The first album from this instrumental group based in Russia. This is an album that gives new meaning to the term "eclectic". A long time coming, Pandora Snail's debut manages to wonderfully blend stylings that include modernesque heavy prog and power prog, retro style organ, and variously neotraditional, neoclassical, and prog violin. It works better than that combination might suggest, fitting together without obvious stitches and creating a diverse and generally upbeat whole. It’s a diverse listen that handsomely repays repeated plays, the variety of styles being successfully drawn into a cohesive whole with violin holding it all together. A spectacular piece of work.
Pretty much exactly what it says it is – a combination of the two releases, the Bloodied But Unbowed compilation and the War On 45 EP, on one compact disc. The remastering job is fine, the cover art is all reproduced, and there are even complete lyrics, with one or two exceptions. Anyone wanting to give these guys a listen should start right here.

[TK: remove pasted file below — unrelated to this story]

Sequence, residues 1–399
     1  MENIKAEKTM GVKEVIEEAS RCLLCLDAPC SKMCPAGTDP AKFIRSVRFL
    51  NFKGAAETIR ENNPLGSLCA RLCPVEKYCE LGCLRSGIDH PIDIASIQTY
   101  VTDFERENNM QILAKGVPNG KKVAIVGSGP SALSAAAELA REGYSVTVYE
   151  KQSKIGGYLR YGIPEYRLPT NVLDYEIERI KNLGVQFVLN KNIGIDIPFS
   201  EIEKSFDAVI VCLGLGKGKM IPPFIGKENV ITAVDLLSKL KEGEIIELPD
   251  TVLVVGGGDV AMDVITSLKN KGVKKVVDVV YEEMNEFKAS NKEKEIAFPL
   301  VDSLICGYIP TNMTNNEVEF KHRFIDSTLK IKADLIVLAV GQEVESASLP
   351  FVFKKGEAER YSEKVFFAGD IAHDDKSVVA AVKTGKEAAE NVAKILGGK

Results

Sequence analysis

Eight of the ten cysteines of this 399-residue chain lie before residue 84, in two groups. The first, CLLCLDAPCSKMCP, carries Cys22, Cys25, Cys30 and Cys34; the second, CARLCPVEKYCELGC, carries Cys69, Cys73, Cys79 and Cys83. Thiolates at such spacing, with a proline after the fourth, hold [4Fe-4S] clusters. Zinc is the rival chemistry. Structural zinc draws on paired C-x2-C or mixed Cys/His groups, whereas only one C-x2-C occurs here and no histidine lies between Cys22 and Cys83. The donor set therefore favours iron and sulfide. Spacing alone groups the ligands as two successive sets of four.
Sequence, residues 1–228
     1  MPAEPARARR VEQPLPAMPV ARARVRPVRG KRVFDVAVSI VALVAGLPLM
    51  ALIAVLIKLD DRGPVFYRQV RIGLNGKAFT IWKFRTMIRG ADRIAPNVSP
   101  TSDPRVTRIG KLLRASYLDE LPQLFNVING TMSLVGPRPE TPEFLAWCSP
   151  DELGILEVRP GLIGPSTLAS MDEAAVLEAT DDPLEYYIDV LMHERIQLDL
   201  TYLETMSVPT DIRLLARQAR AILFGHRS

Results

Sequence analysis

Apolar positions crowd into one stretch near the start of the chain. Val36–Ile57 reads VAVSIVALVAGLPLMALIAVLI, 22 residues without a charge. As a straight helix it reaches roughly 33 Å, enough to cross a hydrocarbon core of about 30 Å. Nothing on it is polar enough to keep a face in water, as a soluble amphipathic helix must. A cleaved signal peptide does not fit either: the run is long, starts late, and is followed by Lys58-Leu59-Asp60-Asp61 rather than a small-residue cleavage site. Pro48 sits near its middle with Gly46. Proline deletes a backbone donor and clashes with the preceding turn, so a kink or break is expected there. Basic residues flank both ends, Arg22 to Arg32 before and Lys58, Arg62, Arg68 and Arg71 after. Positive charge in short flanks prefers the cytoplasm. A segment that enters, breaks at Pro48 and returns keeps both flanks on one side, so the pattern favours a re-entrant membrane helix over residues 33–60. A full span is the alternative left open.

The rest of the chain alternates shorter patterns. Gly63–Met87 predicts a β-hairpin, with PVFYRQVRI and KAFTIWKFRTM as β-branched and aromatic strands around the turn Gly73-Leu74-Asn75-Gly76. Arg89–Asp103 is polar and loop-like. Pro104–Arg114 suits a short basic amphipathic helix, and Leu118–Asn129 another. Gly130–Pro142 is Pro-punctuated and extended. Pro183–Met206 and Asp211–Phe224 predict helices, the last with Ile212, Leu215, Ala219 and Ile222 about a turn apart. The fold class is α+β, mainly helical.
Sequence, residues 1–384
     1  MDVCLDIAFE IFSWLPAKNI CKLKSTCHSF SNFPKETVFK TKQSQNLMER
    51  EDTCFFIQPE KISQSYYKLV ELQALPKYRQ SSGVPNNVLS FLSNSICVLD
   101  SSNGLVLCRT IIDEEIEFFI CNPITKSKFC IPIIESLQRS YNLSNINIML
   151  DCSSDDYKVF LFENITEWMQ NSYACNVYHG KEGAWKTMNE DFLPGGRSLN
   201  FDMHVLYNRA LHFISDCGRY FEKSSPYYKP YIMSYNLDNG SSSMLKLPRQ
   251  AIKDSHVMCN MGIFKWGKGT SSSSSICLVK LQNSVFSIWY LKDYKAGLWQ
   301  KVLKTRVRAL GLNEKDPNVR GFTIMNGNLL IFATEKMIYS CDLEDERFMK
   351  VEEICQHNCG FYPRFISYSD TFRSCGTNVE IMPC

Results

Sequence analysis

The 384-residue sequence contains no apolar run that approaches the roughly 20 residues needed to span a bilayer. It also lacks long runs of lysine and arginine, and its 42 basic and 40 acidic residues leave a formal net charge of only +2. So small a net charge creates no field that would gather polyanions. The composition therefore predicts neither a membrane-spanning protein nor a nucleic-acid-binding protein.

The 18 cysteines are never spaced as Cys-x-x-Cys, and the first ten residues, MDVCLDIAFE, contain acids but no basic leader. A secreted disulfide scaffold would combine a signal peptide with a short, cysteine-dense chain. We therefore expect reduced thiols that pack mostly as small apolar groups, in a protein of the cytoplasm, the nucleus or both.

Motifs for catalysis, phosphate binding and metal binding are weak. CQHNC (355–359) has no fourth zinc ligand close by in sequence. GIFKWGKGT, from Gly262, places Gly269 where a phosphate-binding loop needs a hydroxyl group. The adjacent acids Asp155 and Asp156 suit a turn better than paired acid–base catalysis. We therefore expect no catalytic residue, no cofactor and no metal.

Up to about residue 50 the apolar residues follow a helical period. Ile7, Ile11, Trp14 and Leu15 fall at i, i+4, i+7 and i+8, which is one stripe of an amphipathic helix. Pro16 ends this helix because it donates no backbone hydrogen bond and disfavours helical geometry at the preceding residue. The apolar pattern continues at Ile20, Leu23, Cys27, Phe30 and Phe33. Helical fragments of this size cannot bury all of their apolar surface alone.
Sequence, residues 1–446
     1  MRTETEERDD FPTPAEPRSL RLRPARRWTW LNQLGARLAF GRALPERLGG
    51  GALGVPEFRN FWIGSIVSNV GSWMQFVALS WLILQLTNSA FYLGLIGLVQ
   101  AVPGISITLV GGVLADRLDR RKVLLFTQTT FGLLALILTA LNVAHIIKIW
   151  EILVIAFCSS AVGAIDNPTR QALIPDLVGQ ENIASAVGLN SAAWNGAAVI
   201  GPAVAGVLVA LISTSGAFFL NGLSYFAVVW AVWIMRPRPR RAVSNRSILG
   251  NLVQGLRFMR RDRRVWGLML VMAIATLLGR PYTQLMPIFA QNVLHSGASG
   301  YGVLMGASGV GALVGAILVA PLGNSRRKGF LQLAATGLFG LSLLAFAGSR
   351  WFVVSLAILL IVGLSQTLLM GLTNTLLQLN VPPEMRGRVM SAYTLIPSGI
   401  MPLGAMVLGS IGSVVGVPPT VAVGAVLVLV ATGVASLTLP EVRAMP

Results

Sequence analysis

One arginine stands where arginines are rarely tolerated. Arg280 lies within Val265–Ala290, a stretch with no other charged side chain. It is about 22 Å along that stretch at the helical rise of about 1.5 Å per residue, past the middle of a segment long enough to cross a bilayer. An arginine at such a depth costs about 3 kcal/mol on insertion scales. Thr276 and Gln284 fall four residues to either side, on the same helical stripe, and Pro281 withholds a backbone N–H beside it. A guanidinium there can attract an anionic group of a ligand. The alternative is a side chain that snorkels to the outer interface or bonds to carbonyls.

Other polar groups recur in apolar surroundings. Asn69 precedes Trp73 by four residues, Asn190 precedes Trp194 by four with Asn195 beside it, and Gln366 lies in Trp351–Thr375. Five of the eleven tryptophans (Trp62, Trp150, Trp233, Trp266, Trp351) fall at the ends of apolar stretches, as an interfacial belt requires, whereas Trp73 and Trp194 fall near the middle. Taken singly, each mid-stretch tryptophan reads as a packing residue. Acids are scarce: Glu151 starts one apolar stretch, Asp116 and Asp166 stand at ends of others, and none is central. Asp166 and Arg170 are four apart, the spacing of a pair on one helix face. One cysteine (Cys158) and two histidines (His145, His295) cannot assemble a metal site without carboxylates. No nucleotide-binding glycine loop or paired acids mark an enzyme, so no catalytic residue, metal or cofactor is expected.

While this set of Shostakovich's Fourth through Ninth symphonies is billed as his "War" symphonies, these six works could be more aptly identified as his "Terror and War" symphonies. After all, the Fourth, Fifth, and Sixth were composed in the years before the "Great Patriotic War" during the period called the "Great Terror," that period of Soviet history in which Stalin attempted to liquidate everyone he ever remotely suspected of having an unkind thought about him. Still, these six symphonies do form a cogent group of works that describe with extremely painful exactitude the horror of living through one of the most horrific decades in twentieth century history, qualities that Russian conductor Valery Gergiev captures with excruciating effectiveness.